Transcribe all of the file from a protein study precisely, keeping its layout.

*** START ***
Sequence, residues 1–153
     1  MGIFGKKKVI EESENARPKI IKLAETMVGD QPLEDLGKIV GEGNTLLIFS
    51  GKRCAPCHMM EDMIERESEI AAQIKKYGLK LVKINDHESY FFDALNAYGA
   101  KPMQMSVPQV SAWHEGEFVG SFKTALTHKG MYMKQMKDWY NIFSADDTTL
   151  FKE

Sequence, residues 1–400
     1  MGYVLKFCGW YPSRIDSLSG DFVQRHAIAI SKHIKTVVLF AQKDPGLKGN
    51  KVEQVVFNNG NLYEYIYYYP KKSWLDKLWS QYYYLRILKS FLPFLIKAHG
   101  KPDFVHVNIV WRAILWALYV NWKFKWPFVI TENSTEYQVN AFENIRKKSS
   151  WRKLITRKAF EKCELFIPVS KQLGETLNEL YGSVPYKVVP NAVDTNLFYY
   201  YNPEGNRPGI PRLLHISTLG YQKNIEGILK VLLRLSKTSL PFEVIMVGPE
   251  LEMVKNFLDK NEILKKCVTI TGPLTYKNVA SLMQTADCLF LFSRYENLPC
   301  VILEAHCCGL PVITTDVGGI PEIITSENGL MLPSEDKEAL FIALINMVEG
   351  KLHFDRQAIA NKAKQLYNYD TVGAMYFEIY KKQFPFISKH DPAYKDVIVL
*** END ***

Sequence, residues 1–153
     1  MGIFGKKKVI EESENARPKI IKLAETMVGD QPLEDLGKIV GEGNTLLIFS
    51  GKRCAPCHMM EDMIERESEI AAQIKKYGLK LVKINDHESY FFDALNAYGA
   101  KPMQMSVPQV SAWHEGEFVG SFKTALTHKG MYMKQMKDWY NIFSADDTTL
   151  FKE

Sequence, residues 1–400
     1  MGYVLKFCGW YPSRIDSLSG DFVQRHAIAI SKHIKTVVLF AQKDPGLKGN
    51  KVEQVVFNNG NLYEYIYYYP KKSWLDKLWS QYYYLRILKS FLPFLIKAHG
   101  KPDFVHVNIV WRAILWALYV NWKFKWPFVI TENSTEYQVN AFENIRKKSS
   151  WRKLITRKAF EKCELFIPVS KQLGETLNEL YGSVPYKVVP NAVDTNLFYY
   201  YNPEGNRPGI PRLLHISTLG YQKNIEGILK VLLRLSKTSL PFEVIMVGPE
   251  LEMVKNFLDK NEILKKCVTI TGPLTYKNVA SLMQTADCLF LFSRYENLPC
   301  VILEAHCCGL PVITTDVGGI PEIITSENGL MLPSEDKEAL FIALINMVEG
   351  KLHFDRQAIA NKAKQLYNYD TVGAMYFEIY KKQFPFISKH DPAYKDVIVL